Close Encounters of the CEIP Kind

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Occasionally, I have the DBA-equivalent of the tidy-nest instinct, the urge to remove clutter from my servers. Whenever I've installed SQL Server over recent years, for example, my subconscious mind signals to my right index finger to de-select the checkbox that opts in to sending SQL Server error reports to Microsoft. Their "Customer Experience Improvement Program (CEIP)" wants this data in order to understand what features we use and how, and so improve them. A laudable goal, but I'm a DBA who likes a SQL Server that focuses all of its attention on my user databases and processes, rather than spending valuable time gathering and sending data about my usage of them.

During a recent SQL Server 2016 installation, however, I couldn't find the familiar checkbox. Hmm, I mused, maybe all of that previous telemetry had taught Microsoft hat 98.9% of DBAs opt out of sending this data, so they gave up on the idea of collecting it!

Whether or not that 98.9% statistic is true (I made it up), it turns out that CEIP is far from gone. I was deep into a failover cluster installation when I noticed a "cluster resource" that was failing to start. I blinked a few times in disbelief; this "resource", sitting right there in my new Windows 2016 SQL cluster, turned out to be "SQL Server CEIP". It was failing to start because of a dependency on SQL Server itself, which in turn could not start because of a misconfigured TempDB location. As soon as I fixed SQL Server, CEIP fired right up and presumably began phoning home its telemetry data.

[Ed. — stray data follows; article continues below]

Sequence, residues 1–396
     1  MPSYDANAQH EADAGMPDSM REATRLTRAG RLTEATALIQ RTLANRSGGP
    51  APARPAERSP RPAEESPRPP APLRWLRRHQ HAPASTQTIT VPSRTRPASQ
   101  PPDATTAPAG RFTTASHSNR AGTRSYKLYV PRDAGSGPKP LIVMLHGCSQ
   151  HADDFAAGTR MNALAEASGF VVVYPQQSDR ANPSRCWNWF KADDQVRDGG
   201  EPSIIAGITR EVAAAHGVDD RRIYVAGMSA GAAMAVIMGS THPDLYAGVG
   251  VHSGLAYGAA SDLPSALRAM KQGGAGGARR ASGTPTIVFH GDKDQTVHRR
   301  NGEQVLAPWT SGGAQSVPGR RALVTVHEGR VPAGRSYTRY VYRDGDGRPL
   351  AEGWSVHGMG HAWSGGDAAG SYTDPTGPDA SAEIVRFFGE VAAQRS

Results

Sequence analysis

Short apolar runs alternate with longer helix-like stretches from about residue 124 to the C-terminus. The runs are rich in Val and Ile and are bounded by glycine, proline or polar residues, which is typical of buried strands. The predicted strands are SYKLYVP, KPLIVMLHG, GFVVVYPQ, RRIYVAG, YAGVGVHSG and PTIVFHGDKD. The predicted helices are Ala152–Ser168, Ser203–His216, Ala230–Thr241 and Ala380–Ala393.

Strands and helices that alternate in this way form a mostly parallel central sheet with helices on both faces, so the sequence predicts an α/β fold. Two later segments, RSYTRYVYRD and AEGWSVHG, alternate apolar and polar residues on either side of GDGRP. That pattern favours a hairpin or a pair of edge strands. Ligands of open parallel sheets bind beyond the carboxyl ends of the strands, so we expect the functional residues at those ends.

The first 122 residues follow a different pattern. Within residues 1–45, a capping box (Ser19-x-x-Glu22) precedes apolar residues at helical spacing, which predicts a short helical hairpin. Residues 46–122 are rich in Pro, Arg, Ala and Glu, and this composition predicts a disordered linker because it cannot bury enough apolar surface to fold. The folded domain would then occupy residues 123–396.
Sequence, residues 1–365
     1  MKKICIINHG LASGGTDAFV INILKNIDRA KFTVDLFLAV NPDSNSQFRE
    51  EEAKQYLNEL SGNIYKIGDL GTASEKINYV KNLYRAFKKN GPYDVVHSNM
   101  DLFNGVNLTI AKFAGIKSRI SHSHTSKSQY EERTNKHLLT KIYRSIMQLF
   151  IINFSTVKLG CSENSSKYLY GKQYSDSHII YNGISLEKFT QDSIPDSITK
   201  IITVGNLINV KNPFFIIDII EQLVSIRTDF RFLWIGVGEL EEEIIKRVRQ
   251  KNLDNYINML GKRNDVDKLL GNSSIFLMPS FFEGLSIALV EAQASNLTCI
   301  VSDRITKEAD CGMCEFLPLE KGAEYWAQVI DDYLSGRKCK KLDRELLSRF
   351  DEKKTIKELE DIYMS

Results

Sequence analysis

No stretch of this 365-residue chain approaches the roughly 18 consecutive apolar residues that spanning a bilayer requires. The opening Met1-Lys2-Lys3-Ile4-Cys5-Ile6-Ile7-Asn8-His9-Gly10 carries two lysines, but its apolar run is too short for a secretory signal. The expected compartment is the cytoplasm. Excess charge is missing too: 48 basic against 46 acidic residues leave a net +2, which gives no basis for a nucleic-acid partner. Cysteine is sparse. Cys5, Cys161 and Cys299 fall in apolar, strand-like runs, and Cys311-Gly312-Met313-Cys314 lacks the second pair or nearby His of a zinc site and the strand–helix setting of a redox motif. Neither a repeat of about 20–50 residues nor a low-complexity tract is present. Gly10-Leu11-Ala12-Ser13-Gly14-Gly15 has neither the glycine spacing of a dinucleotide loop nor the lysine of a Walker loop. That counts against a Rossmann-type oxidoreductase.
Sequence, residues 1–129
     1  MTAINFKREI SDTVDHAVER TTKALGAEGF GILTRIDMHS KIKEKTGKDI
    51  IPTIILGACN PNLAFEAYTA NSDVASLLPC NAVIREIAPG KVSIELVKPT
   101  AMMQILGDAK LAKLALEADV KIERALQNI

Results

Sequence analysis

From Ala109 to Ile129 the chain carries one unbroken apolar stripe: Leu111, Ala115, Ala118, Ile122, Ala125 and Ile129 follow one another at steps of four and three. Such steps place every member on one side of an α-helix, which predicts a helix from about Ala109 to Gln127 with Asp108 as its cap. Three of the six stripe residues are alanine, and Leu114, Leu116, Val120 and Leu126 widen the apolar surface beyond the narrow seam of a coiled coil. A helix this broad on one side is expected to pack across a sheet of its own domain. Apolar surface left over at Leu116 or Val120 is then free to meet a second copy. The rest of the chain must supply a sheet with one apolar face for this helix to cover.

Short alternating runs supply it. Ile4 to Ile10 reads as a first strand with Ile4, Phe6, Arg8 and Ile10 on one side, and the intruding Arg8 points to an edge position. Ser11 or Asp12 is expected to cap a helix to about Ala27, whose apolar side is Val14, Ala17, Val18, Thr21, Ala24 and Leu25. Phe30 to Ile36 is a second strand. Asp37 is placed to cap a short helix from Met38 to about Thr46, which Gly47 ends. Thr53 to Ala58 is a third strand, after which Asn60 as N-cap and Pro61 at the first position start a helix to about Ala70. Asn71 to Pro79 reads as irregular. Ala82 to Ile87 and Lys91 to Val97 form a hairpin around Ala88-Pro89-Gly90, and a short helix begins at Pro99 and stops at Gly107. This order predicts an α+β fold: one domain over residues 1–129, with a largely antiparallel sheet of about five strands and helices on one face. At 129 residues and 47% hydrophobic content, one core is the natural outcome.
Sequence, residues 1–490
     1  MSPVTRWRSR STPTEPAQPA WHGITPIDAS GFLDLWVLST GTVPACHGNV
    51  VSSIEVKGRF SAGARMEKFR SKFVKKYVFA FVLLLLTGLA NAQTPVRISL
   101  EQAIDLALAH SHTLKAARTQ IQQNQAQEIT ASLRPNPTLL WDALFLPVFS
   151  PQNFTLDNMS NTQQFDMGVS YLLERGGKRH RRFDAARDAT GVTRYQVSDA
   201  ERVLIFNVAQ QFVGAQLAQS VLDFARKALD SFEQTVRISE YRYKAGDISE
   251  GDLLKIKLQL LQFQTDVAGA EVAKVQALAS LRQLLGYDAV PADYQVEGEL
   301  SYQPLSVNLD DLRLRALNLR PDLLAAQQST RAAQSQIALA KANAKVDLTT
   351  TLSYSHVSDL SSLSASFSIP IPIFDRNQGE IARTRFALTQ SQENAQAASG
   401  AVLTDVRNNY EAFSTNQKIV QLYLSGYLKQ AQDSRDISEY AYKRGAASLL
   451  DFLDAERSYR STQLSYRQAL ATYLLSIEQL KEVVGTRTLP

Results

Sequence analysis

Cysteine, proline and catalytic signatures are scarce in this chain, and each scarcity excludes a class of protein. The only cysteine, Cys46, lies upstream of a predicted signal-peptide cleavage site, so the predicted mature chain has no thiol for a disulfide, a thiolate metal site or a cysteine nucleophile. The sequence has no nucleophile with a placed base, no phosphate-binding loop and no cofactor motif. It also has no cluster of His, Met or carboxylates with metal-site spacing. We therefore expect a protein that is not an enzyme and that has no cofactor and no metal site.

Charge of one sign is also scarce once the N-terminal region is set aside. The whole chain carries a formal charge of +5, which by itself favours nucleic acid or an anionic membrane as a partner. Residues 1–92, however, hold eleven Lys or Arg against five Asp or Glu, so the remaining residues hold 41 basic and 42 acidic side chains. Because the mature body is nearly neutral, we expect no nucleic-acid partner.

Later, during a spot of query tuning, I noticed, in the Query Store charts, a lot of "internal" queries cluttering up the usual list of user database queries. They looked suspiciously like extended events queries. Sure enough, when I opened up SSMS object explorer, there was a brand new built-in session called telemetry_xevents. While reviewing my wait statistics, I saw a lot more of these types of queries, all related, as it turns out, to CEIP.

I love the sound of telemetry, mainly because it reminds me of the movie Apollo 13, but what was all this doing here on my SQL Server 2016 server? I felt sure that I hadn't missed the opt-in checkbox, even if it was lurking in some different part of the installation. No, this telemetric data gathering is now on by default. For Standard and Enterprise Editions, you can turn it off by subsequently setting a registry-based policy. For Developer, Express and Evaluation Editions, you can't turn it off.

This gave me pause for thought. I like the way that Microsoft has gifted us, in Standard Edition of SQL Server 2016 SP1, many Enterprise Edition features. Was this decision the result of analyzing the data from CEIP? After all, much of the telemetry_xevents session is collecting data about these features. Could this data also have helped Microsoft understand the need, for example, to bring Power BI to SSRS on premises? If so, then I am grateful, and for now at least will try forget about it chugging along in the background, telemetrically sending its data to the space cloud.

Cheers,

Rodney Landrum (guest editor)

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